Given the mind-boggling facts behind the BTK killer case, it's amazing that this hastily assembled pic proves so curiously flat and uninvolving. The production's only real merit, in fact, lies in a standout performance by Gregg Henry as Dennis Rader, though that skews the narrative more toward "Dennis: Portrait of a Serial Killer" territory than its title suggests.
Given the mind-boggling facts behind the BTK killer case, it’s amazing that this hastily assembled pic proves so curiously flat and uninvolving. The production’s only real merit, in fact, lies in a standout performance by Gregg Henry as Dennis Rader, though that skews the narrative more toward “Dennis: Portrait of a Serial Killer” territory than its title suggests.
Rader not only killed 10 people over a 17-year period but taunted and eluded Wichita authorities for roughly three decades; anniversary coverage of the case prompted him to resurface and eventually led to his arrest. In court, he delivered a stunningly impassive discussion of what he clinically referred to as his “projects,” in which he would bind, torture and kill his victims (hence the initials BTK).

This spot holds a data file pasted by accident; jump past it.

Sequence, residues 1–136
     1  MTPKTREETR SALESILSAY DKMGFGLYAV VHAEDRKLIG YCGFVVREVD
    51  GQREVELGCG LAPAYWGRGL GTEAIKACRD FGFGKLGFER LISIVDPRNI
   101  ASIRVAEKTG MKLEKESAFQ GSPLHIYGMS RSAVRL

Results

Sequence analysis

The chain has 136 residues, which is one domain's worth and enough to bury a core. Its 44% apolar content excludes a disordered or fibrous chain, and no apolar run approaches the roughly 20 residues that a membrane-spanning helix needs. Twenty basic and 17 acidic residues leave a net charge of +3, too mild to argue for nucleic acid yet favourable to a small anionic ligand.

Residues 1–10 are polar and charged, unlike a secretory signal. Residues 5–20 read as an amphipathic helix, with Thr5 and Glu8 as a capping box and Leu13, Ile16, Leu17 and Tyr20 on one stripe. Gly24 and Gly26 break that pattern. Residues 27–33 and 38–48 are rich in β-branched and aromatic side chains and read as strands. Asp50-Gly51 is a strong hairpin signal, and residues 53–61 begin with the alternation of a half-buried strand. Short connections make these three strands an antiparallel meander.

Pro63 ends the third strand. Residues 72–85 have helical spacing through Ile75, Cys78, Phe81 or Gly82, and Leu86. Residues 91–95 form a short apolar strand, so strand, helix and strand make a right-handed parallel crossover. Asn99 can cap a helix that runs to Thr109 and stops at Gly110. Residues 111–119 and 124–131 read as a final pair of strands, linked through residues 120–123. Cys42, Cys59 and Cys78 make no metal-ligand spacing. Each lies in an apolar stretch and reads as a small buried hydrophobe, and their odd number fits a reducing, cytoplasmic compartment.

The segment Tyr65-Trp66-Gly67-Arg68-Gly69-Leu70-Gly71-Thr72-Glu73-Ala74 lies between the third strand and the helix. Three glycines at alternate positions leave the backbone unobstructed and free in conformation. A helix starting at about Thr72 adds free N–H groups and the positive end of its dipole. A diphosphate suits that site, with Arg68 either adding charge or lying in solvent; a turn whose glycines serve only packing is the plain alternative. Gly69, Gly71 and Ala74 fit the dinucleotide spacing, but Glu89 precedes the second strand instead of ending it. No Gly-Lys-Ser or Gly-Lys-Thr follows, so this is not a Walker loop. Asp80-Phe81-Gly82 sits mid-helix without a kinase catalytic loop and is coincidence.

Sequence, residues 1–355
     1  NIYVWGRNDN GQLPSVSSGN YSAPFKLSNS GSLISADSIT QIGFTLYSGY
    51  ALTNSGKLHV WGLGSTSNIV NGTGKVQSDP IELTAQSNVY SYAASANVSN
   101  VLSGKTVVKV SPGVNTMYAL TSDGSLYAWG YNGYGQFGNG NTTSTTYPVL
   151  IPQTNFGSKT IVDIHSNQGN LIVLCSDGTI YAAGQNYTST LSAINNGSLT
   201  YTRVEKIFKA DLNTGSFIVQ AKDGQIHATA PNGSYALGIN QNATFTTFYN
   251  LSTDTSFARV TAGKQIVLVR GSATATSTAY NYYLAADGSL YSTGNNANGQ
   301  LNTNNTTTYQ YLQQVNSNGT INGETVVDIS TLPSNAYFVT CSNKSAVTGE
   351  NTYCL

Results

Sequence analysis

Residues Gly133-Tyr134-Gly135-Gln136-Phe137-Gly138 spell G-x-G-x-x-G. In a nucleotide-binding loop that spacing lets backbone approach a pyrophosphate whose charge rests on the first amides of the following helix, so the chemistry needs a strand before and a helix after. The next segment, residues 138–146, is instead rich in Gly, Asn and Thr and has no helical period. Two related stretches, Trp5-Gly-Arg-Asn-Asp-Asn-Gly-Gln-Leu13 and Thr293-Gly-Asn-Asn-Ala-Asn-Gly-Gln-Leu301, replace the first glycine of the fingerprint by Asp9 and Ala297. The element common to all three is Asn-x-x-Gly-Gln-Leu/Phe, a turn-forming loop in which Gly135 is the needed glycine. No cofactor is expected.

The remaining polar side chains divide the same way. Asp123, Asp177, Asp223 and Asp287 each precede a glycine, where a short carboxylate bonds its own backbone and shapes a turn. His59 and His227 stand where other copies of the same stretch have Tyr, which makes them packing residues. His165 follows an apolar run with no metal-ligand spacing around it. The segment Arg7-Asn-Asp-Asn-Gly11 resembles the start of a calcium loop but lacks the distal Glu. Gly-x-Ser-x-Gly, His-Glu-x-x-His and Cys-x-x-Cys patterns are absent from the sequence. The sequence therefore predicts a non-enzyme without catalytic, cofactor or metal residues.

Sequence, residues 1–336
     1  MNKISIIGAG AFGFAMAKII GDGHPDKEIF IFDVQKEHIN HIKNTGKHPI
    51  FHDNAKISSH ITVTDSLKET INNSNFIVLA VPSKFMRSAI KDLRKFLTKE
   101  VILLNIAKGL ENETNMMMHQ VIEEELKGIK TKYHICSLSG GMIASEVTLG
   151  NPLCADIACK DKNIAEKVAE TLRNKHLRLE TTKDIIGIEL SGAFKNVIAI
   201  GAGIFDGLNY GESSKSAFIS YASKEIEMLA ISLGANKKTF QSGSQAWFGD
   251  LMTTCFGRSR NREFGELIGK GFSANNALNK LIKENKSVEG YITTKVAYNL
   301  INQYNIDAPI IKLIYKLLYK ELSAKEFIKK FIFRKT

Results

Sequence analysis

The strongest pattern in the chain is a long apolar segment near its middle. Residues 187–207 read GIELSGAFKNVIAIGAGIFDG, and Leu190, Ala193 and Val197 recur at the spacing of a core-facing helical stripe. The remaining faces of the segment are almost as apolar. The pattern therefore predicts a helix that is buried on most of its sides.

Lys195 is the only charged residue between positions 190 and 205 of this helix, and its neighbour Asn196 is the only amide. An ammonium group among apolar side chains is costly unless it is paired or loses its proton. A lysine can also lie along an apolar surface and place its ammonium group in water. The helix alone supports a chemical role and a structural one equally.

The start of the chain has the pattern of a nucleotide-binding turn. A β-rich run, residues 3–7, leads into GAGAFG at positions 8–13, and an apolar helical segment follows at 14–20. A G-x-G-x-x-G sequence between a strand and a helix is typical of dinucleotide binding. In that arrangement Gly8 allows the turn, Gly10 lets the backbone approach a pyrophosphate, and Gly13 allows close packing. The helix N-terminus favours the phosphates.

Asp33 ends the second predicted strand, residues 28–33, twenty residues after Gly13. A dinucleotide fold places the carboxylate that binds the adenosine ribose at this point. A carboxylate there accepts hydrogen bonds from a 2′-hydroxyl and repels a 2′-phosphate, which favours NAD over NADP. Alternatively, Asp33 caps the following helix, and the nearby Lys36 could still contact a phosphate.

Clearly laboring under rights limitations (the team of investigators is consolidated into two), the story deflates every time the camera drifts away from Henry, who is practically unrecognizable under the makeup, to focus on lead detective Jason Magida (Robert Forster). A stoic Foster reads painfully stilted, noirish narration. His partner, played by Michael Michele, looks even more model-like and unconvincing than usual as a Kansas homicide detective.
Director Stephen Kay provides choppy, grainy glimpses in re-enacting the murders as Rader recounts them in court, making this telepic one of those rare instances where depiction of the crimes is probably too restrained. The movie also fails to create any sense of urgency surrounding the investigation, though that’s perhaps in part because Rader did so much to reveal himself in correspondence with police.
At its core, then, it’s solely by virtue of veteran character actor Henry’s yeoman work that the chilling image of Rader as a jovial, churchgoing member of the community — someone who derived almost gleeful satisfaction from the media attention — vaguely emerges. As such, his monologue near the end, when Rader confesses, proves the one memorable sequence, albeit a trifle late in coming.
Unfortunately, it’s followed by an irksome moment in which Forster’s detective ponders the fear such monsters stir and how we have “no choice but to find the strength, the faith, to keep going.” For a network with nine hours of episodic crime drama on its primetime roster, lamenting society’s anxiety about being victimized might just be the definition of a word you don’t hear much in Kansas: chutzpah.